One way to reduce the clutter around your office or home is to donate any old books you have to your local library – not only are you giving to a great cause, but you could also be lowering your annual tax bill.
Because the federal government classifies most libraries as nonprofit educational institutions, they are qualified charities that can receive tax-deductible, charitable contributions.
You can find information about your local library’s tax-exempt status through the IRS charity database
, or speak with the library’s administrator. Here are some tips about donating books to a qualified, tax-exempt library:
Valuation of Books
Under normal circumstances, the IRS allows you to deduct the fair market value of your donated books. There aren’t many federal rules about what comprises a fair market value of an item; it’s typically an agreed price in the open market that’s considerably lower than the original value.
You can search second-hand shops or online stores to find prices for similar used items. In exceptional cases, your book may be worth more than fair market value. For instance, the author signed the cover or a page. You may want an appraisal for the book’s actual value.
Like many other deductions, you need to provide proof to claim the credit. According to experts, if your contribution is less than $250, the library should give you a receipt displaying its name and address, the date you contributed, and a description of your donation. Your personal record should list the description along with how much you paid for the books and their fair market values.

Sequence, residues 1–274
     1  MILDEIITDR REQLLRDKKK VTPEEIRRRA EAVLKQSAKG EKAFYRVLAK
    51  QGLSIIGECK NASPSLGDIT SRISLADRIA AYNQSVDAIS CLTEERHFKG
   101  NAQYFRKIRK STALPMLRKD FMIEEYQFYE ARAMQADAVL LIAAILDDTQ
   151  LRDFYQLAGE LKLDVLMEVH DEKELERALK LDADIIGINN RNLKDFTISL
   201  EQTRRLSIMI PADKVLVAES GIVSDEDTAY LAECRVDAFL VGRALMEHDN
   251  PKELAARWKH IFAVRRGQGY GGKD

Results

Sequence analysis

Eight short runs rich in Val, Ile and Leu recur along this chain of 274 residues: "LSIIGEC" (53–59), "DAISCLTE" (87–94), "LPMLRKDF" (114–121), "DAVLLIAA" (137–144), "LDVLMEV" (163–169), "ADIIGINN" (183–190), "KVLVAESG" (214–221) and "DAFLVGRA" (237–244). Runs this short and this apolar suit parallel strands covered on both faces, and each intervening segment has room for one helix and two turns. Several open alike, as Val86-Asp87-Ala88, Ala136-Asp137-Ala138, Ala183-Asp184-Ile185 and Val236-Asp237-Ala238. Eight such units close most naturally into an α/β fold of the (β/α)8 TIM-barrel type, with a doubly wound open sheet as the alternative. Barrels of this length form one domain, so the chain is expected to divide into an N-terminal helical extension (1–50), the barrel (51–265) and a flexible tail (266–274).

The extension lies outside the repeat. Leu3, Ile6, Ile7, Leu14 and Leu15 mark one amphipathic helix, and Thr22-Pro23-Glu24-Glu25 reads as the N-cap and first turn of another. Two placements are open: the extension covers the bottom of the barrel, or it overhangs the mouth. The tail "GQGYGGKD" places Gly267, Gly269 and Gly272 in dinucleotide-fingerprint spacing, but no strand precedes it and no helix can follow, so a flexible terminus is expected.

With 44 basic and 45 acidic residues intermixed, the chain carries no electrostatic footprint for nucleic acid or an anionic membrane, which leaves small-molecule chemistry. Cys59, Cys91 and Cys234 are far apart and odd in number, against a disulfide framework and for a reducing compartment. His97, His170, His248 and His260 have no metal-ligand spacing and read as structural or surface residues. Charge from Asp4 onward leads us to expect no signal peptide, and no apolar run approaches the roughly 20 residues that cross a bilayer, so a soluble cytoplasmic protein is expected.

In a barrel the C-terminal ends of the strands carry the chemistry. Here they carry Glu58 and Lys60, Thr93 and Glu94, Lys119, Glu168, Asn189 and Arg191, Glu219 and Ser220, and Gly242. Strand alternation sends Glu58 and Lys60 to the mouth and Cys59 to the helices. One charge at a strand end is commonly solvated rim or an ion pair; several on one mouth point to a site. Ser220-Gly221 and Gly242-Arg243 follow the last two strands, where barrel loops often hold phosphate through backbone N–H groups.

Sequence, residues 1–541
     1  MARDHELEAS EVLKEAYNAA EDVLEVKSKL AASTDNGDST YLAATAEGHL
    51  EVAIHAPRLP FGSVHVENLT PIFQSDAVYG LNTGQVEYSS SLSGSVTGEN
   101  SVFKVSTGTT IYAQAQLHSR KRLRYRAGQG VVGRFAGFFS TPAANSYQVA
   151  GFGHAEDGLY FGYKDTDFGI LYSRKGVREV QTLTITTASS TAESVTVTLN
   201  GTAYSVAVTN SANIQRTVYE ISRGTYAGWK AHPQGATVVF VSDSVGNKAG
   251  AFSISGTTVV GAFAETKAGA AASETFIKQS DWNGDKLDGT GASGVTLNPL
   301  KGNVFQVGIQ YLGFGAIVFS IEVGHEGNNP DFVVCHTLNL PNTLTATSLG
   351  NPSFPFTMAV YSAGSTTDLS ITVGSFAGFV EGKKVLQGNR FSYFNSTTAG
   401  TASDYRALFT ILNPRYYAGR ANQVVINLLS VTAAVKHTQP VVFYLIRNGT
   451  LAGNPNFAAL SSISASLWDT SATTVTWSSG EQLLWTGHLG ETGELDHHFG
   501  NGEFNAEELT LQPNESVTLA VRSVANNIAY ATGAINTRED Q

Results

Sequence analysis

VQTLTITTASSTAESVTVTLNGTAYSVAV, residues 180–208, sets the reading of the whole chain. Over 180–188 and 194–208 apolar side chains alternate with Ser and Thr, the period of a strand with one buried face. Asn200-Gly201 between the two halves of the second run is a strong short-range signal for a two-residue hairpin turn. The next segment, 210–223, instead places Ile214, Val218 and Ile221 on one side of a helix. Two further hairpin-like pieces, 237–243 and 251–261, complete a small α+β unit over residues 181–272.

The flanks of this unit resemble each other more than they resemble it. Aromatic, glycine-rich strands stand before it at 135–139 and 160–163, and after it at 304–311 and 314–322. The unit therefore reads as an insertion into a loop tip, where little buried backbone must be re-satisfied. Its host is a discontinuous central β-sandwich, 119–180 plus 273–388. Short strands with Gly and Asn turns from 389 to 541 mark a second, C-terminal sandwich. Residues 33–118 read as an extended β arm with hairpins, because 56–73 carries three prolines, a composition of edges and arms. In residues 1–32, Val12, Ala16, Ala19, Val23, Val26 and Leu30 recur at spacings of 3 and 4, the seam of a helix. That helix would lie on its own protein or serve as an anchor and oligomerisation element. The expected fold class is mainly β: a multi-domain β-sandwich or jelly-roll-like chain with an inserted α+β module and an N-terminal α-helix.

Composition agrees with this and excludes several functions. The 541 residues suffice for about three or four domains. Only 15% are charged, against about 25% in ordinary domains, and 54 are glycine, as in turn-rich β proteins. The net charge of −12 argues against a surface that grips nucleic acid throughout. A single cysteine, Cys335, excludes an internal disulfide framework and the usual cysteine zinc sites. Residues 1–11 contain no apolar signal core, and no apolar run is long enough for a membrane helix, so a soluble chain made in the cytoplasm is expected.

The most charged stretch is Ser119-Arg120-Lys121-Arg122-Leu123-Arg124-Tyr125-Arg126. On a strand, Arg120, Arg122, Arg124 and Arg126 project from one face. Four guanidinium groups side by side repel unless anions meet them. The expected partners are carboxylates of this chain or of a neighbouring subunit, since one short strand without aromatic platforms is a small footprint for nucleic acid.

With donations over $250, your receipt from the library needs to include any benefits or gifts given in return for your contribution. If your “Thank You” gift has monetary value, the IRS requires you to deduct the amount from the value of your donation. And any contributions totaling over $5,000 in books requires an appraisal for the fair market value.
Itemize Your Deduction
To properly claim a deduction for your book donations, you must itemize what you gave. Choosing standard deductions depends on your filing status and the standard changes for inflation each year – you typically want to itemize deductions if the amount is going to be larger than standard. But the choice is ultimately up to you – if you only donated a couple of novels that were just lying around, it may not be worth the extra effort to itemize.
Reporting Donations and Contributions
Taxpayers can report the value of their book donations on Schedule A, Line 17 of their personal tax return. If you’re donating a substantial monetary value, you may need to file additional forms and include an appraisal signature. For libraries reporting their received contributions, you can list donations worth $5,000 or more from any one donor on the Schedule B of your annual 990 form.